Langmuir, Vol.23, No.12, 6645-6651, 2007
XPS study on the use of 3-aminopropyltriethoxysilane to bond chitosan to a titanium surface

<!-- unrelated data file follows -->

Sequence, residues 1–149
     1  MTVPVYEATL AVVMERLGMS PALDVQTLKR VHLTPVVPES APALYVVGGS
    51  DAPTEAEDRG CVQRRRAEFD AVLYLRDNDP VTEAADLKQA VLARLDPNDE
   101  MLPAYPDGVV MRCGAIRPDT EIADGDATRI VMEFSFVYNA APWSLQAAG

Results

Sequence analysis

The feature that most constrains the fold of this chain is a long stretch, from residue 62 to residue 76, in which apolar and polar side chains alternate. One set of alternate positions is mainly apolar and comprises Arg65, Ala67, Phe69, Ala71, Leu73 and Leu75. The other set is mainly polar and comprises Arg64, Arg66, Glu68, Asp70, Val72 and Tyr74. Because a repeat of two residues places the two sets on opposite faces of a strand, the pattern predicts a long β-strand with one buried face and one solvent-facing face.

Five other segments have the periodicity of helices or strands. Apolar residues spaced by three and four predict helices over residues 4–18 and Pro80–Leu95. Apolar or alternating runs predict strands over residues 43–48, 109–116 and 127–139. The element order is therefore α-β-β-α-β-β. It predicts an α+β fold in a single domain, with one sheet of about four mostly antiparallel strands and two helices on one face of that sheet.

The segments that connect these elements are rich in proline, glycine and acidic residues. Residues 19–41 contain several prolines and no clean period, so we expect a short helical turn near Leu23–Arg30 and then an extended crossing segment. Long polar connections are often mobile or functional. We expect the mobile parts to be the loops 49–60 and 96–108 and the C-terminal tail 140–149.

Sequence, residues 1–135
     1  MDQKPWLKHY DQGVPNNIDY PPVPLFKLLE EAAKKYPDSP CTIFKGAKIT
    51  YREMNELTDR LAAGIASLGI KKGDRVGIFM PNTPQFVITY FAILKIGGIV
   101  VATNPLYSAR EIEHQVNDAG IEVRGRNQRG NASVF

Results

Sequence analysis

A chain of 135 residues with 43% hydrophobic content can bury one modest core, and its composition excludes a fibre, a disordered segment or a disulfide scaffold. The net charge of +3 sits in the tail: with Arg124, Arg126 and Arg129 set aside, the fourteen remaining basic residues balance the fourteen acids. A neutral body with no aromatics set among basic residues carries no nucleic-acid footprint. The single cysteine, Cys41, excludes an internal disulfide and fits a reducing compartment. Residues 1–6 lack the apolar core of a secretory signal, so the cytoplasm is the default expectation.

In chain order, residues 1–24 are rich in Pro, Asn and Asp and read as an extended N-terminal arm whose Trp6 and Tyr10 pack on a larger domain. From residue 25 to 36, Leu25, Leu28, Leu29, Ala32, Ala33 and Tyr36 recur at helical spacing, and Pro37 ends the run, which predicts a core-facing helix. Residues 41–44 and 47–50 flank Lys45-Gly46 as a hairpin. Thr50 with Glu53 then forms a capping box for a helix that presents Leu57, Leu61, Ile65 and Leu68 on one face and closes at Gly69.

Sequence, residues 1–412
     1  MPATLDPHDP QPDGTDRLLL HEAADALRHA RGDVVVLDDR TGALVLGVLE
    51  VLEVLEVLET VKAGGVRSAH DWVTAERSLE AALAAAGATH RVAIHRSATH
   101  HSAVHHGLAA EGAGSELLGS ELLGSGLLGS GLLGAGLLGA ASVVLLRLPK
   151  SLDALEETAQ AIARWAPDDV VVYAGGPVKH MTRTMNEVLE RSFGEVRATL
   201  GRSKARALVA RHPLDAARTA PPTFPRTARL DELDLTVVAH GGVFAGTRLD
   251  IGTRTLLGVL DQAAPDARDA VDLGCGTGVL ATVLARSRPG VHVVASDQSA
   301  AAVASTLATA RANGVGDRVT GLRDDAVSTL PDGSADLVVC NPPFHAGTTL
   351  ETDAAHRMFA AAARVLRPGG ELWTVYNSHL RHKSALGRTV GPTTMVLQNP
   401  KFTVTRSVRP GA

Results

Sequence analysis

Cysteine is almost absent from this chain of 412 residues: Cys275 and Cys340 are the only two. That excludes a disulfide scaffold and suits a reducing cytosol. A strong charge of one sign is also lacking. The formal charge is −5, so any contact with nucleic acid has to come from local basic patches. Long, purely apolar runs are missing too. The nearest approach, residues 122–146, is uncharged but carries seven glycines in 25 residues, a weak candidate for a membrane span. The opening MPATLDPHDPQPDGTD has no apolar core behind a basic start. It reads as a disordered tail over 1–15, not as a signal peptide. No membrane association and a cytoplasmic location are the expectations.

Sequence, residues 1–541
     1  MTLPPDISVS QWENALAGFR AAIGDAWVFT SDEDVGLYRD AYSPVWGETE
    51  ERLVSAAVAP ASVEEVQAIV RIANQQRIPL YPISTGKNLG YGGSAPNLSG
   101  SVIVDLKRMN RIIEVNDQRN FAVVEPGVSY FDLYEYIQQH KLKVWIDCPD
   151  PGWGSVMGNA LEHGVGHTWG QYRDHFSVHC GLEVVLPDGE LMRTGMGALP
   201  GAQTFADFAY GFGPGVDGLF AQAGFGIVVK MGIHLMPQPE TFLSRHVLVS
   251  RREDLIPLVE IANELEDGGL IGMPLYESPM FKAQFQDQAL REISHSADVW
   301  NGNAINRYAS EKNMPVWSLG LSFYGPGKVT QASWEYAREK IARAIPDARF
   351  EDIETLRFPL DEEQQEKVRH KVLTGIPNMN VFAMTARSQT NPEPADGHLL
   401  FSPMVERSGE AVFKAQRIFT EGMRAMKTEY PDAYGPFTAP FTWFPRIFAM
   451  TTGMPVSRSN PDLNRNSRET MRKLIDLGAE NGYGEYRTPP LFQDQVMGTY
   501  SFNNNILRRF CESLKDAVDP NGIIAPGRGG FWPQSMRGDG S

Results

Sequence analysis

Chitosan, a biopolymer found in the exoskeletons of shellfish, has been shown to be antibacterial, biodegradable, osteoconductive, and has the ability to promote organized bone formation. These properties make chitosan an ideal material for use as a bioactive coating on medical implant materials. In this study, coatings made from 86.4% de-acetylated chitosan were bound to implant-quality titanium. The chitosan films were bound through a three-step process that involved the deposition of 3-aminopropyltriethoxysilane (APTES) in toluene, followed by a reaction between the amine end of APTES with gluteraldehyde, and finally, a reaction between the aldehyde end of gluteraldehyde and chitosan. Two different metal treatments were examined to determine if major differences in the ability to bind chitosan could be seen. X-ray photoelectron spectroscopy (XPS) was used to examine the surface of the titanium metal and to study the individual reaction steps. The changes to the titanium surface were consistent with the anticipated reaction steps, with significant changes in the amounts of nitrogen, silicon, and titanium that were present. It was demonstrated that more APTES was bound to the piranha-treated titanium surface as compared to the passivated titanium surface, based on the amounts of titanium, carbon, nitrogen, and silicon that were present. The metal treatments did not affect the chemistry of the chitosan films. Using toluene to bond APTES on titanium surfaces, rather than aqueous solutions, prevented the formation of unwanted polysiloxanes and increased the amount of silane on the surface for forming bonds to the chitosan films. Qualitatively, the films were more strongly attached to the titanium surfaces after using toluene, which could withstand the ultrahigh vacuum environment of XPS, as compared to the aqueous solutions, which were removed from the titanium surface when exposed to the ultrahigh vacuum environment of XPS.